The One Truth I’ve Learned as the Dad of a Daughter With Down Syndrome
On an especially chilly winter morning several years ago, my daughter, Jillian Daugherty, boarded the 3X bus for work and took her customary seat near the front. As the bus filled en route to downtown Cincinnati, riders were forced to stand. One woman in particular – elderly and frail, and wobbling with every stop, start and turn – was having a hard time.
Bus riders at the crack of a cold winter dawn aren’t the most charitable bunch. None moved to help the woman. None but Jillian, who offered her seat.
As Jillian stood, she overheard another passenger saying how cold she was. Jillian removed her coat and gave it to the woman.
I didn’t witness this. Someone on the bus did and sent me an e-mail about it. I’m a columnist at the Cincinnati Enquirer and have written occasionally about Jillian, born with Down syndrome 26 years ago.
“I was in a sour mood this morning, when my bus didn’t show up,” wrote a gentleman named Mike Herrel. “I had to wait an extra 40 minutes in the cold for the next bus.”
Mike struck up a conversation with Jillian after hearing someone call her Jillian. “I concluded I’d just met your daughter,” he wrote. “What a terrific person she is. She brightened the day for me and a few others packed into a bus because of her kind actions.”
My mother once said of Jillian, “She acts like the rest of the world should, but doesn’t.”
If there’s one truth I’ve discovered as a dad of a daughter with Down syndrome, it’s simply this:
Jillian is good. Her goodness inspires others to be good. She has wielded her Down syndrome like a sword of understanding. She acts like the rest of the world should.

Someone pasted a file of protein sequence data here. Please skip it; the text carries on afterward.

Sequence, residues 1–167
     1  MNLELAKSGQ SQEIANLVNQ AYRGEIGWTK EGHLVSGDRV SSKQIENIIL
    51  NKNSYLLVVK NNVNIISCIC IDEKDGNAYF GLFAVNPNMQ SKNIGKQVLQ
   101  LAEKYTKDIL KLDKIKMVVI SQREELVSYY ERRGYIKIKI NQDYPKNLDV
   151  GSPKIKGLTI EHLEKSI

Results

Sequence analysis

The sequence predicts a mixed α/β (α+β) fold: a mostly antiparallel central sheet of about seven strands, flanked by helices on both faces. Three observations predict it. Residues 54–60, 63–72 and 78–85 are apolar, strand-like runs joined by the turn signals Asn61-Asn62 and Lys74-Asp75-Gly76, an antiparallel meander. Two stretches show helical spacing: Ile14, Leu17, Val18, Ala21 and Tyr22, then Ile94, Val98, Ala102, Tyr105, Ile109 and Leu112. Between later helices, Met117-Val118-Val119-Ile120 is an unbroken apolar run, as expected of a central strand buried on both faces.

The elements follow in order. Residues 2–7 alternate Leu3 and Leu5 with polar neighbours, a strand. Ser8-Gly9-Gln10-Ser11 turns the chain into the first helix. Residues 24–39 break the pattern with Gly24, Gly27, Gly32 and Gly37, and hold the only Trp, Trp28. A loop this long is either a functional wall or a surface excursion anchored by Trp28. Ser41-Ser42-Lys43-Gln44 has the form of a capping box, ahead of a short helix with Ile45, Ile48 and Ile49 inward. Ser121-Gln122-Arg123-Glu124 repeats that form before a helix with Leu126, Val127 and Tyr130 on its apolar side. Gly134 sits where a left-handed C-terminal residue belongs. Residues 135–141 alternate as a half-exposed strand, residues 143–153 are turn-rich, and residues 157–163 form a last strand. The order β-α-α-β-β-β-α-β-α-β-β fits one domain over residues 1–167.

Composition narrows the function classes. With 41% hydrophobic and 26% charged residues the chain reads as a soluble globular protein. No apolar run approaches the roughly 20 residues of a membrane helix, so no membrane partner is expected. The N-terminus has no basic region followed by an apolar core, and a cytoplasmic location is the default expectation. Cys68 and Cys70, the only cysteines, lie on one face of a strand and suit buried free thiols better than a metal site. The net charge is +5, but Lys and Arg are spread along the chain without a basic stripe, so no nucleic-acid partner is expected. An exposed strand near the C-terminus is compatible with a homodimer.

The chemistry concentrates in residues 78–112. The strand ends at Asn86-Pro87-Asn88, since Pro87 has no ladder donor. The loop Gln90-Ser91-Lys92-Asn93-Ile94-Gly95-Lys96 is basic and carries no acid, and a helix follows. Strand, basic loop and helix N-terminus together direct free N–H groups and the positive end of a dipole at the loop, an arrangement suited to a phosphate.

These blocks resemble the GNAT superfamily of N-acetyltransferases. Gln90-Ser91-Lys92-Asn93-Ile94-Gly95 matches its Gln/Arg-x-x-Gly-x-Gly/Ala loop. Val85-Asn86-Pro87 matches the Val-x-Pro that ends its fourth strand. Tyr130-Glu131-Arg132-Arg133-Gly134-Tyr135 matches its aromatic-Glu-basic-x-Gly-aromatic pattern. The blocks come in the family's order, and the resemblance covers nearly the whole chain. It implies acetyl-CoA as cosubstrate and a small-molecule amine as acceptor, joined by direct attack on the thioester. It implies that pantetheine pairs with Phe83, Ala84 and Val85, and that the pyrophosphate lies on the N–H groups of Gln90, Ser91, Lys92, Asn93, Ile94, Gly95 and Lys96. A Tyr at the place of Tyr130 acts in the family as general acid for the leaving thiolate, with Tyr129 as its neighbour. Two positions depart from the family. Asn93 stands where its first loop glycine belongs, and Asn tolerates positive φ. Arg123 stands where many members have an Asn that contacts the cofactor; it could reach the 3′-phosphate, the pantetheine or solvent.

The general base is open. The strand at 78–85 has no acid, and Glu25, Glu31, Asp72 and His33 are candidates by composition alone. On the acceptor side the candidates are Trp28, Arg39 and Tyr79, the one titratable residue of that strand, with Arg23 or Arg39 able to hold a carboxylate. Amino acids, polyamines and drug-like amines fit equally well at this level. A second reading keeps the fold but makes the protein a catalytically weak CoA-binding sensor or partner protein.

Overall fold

I have no idea what inspired Jillian’s goodness, but I have a theory. People with Down syndrome own an extra chromosome. You and I have 23 pairs of chromosomes, 46 in all. Jillian has three copies of chromosome 21. Trisomy 21, it’s called, the most common form of Down syndrome.
In “An Uncomplicated Life,” my book about raising Jillian, I call the bonus wiring “Number 47”. Number 47 defines my daughter in any number of ways, most obviously in her physical appearance. But in ways subtle and vastly more important, Number 47 also rules.
From the book:
“If you believe there are no coincidences, you have to at least entertain the notion that Number 47 has a purpose beyond sadness. If you are anything other than terminally pessimistic, you believe Number 47 contains a lot that makes us good. It has to. Somewhere in that bonus wiring is a connection to compassion and kindness, a plan for how to be better.
“Number 47 isn’t a governor on Jillian’s aspirations. It’s an extra storage tank for all her good stuff.”
Jillian’s conversations begin with her wondering how everyone else is doing. My mother had knee surgery several years ago. Jillian still asks, “How is grandmother’s knee feeling?” My wife’s uncle passed more than a decade ago: “I still miss Uncle Pete,” Jillian says.
Hers is a genuine goodness, unfiltered, its sincerity unmarked by guile or agendas. It isn’t just small talk with her. Jillian knows what matters better than anyone I’ve ever encountered: Whom she loves, and who loves her. Her heart is an uncomplicated place with lots of room.
One day when she was about 18, Jillian was home sick with a deep cold. She’d spent the morning in bed, hacking mucous into a small trash basket. I’d rubbed her head and fetched her Kleenex. By mid-afternoon, she’d rallied enough that we went to lunch and the local YMCA for a workout. As we got out of the car to go into the Y, Jillian thanked me for helping her through the morning. Then she said this:
“If you love someone, they’ll love you back.”
Life essential, purely expressed.
So there’s your insight. There’s the big revelation about what Jillian, my daughter with a disability, has taught me. I’m sure I’m not alone. Knowing my daughter is a blessing. Ask the folks on that bus headed downtown on a cold winter day.
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